Please use this identifier to cite or link to this item: https://doi.org/10.1371/journal.pone.0167297
Title: Attitudes to mental illness and its demographic correlates among general population in Singapore
Authors: Yuan Q. 
Abdin E.
Picco L.
Vaingankar J.A.
Shahwan S.
Jeyagurunathan A.
Sagayadevan V.
Shafie S.
Tay J.
Chong S.A. 
Subramaniam M. 
Keywords: adult
age
aged
Article
attitude to mental illness
Chinese
community care
cross-sectional study
demography
educational status
ethnic difference
female
health literacy
human
Indian
Malay (people)
male
physical tolerance
population
prejudice
questionnaire
sex difference
Singapore
social behavior
social distance
social status
social support
adolescent
attitude to health
Mental Disorders
mental health service
middle aged
patient attitude
psychology
public opinion
socioeconomics
very elderly
young adult
Adolescent
Adult
Aged
Aged, 80 and over
Attitude to Health
Cross-Sectional Studies
Demography
Female
Humans
Male
Mental Disorders
Mental Health Services
Middle Aged
Patient Acceptance of Health Care
Public Opinion
Singapore
Socioeconomic Factors
Surveys and Questionnaires
Young Adult
Issue Date: 2016
Publisher: Public Library of Science
Citation: Yuan Q., Abdin E., Picco L., Vaingankar J.A., Shahwan S., Jeyagurunathan A., Sagayadevan V., Shafie S., Tay J., Chong S.A., Subramaniam M. (2016). Attitudes to mental illness and its demographic correlates among general population in Singapore. PLoS ONE 11 (11) : e0167297. ScholarBank@NUS Repository. https://doi.org/10.1371/journal.pone.0167297
Abstract: Background Public attitudes to mental illness could influence how the public interact with, provide opportunities for, and help people with mental illness. Aims This study aims to explore the underlying factors of the Attitudes to Mental Illness questionnaire among the general population in Singapore and the socio-demographic correlates of each factor. Methods From March 2014 to April 2015, a nation-wide cross-sectional survey on mental health literacy with 3,006 participants was conducted in Singapore. Results Factor analysis revealed a 4-factor structure for the Attitudes to Mental Illness questionnaire among the Singapore general population, namely social distancing, tolerance/support for community care, social restrictiveness, and prejudice and misconception. Older age, male gender, lower education and socio-economic status were associated with more negative attitudes towards the mentally ill. Chinese showed more negative attitudes than Indians and Malays (except for prejudice and misconception). Conclusions There is a need for culture-specific interventions, and the associated factors identified in this study should be considered for future attitude campaigns. © 2016 Yuan et al. This is an open access article distributed under the terms of the Creative Commons Attribution License, which permits unrestricted use, distribution, and reproduction in any medium, provided the original author and source are credited.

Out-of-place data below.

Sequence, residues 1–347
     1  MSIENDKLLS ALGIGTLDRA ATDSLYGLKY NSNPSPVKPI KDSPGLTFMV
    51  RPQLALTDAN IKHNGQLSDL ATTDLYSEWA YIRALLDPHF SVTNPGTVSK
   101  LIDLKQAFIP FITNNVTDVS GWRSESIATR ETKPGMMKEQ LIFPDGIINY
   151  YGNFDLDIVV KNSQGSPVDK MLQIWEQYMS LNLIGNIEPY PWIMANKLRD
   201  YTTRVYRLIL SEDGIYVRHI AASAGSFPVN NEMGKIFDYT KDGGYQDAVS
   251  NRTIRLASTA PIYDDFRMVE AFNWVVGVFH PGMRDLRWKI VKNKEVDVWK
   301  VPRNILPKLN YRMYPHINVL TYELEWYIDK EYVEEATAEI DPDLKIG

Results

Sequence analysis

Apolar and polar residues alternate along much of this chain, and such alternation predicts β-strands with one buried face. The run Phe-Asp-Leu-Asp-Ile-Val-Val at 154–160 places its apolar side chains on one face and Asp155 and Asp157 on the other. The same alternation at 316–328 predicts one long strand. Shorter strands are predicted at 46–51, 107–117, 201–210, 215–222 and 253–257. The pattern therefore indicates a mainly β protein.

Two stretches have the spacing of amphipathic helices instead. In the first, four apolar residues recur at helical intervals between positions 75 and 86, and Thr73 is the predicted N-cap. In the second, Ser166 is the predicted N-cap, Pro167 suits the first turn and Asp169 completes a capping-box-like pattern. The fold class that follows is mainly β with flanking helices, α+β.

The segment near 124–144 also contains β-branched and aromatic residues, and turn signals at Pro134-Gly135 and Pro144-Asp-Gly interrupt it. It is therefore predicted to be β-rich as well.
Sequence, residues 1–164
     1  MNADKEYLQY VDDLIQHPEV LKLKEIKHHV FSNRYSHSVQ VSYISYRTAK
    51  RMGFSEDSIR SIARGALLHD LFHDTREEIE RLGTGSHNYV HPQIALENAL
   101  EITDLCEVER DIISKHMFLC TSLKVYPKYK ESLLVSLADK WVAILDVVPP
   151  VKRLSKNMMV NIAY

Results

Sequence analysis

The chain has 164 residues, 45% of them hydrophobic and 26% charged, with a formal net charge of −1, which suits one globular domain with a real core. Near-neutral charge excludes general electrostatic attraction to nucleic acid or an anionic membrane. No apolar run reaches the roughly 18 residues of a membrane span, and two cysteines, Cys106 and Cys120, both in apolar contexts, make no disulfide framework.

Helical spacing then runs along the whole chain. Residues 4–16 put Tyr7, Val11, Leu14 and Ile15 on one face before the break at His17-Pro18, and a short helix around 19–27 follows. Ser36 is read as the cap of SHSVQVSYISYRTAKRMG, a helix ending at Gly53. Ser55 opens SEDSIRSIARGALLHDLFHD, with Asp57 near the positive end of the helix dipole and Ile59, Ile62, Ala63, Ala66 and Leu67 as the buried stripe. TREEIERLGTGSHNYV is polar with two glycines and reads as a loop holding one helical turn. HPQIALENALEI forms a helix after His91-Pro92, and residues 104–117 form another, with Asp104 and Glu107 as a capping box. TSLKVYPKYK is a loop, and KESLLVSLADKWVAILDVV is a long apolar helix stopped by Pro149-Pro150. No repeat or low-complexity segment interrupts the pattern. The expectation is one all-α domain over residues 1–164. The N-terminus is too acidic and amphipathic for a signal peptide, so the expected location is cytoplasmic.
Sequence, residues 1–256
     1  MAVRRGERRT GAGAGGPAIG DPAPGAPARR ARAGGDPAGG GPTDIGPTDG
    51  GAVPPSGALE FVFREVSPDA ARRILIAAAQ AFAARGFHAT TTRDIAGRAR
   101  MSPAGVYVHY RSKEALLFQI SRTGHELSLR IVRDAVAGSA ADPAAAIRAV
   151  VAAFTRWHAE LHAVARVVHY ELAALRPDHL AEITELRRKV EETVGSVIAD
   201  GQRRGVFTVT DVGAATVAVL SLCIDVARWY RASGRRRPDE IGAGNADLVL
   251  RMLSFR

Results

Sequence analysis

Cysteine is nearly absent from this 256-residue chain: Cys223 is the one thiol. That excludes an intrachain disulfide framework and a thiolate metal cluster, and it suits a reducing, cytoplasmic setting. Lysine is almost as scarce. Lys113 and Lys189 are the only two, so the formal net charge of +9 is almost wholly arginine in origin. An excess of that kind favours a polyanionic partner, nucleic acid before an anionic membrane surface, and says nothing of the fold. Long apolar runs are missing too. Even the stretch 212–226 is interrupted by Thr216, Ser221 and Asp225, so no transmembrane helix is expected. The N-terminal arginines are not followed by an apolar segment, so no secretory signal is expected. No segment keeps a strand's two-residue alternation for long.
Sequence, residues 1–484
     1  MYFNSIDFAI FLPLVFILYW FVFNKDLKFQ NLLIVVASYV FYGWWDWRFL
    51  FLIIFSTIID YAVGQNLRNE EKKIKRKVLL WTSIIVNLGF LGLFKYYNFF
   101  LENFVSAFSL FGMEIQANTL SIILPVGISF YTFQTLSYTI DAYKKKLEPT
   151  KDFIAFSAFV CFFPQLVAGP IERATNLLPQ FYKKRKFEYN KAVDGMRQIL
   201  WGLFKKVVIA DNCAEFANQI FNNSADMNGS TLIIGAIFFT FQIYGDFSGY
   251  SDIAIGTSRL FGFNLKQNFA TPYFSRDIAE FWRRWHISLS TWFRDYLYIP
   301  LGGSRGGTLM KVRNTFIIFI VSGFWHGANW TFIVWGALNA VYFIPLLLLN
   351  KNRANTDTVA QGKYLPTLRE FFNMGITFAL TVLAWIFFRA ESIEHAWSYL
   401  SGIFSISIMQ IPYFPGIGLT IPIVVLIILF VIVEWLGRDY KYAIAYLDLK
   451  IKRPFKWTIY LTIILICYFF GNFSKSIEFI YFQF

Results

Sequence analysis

Source Title: PLoS ONE
URI: https://scholarbank.nus.edu.sg/handle/10635/166033
ISSN: 19326203
DOI: 10.1371/journal.pone.0167297
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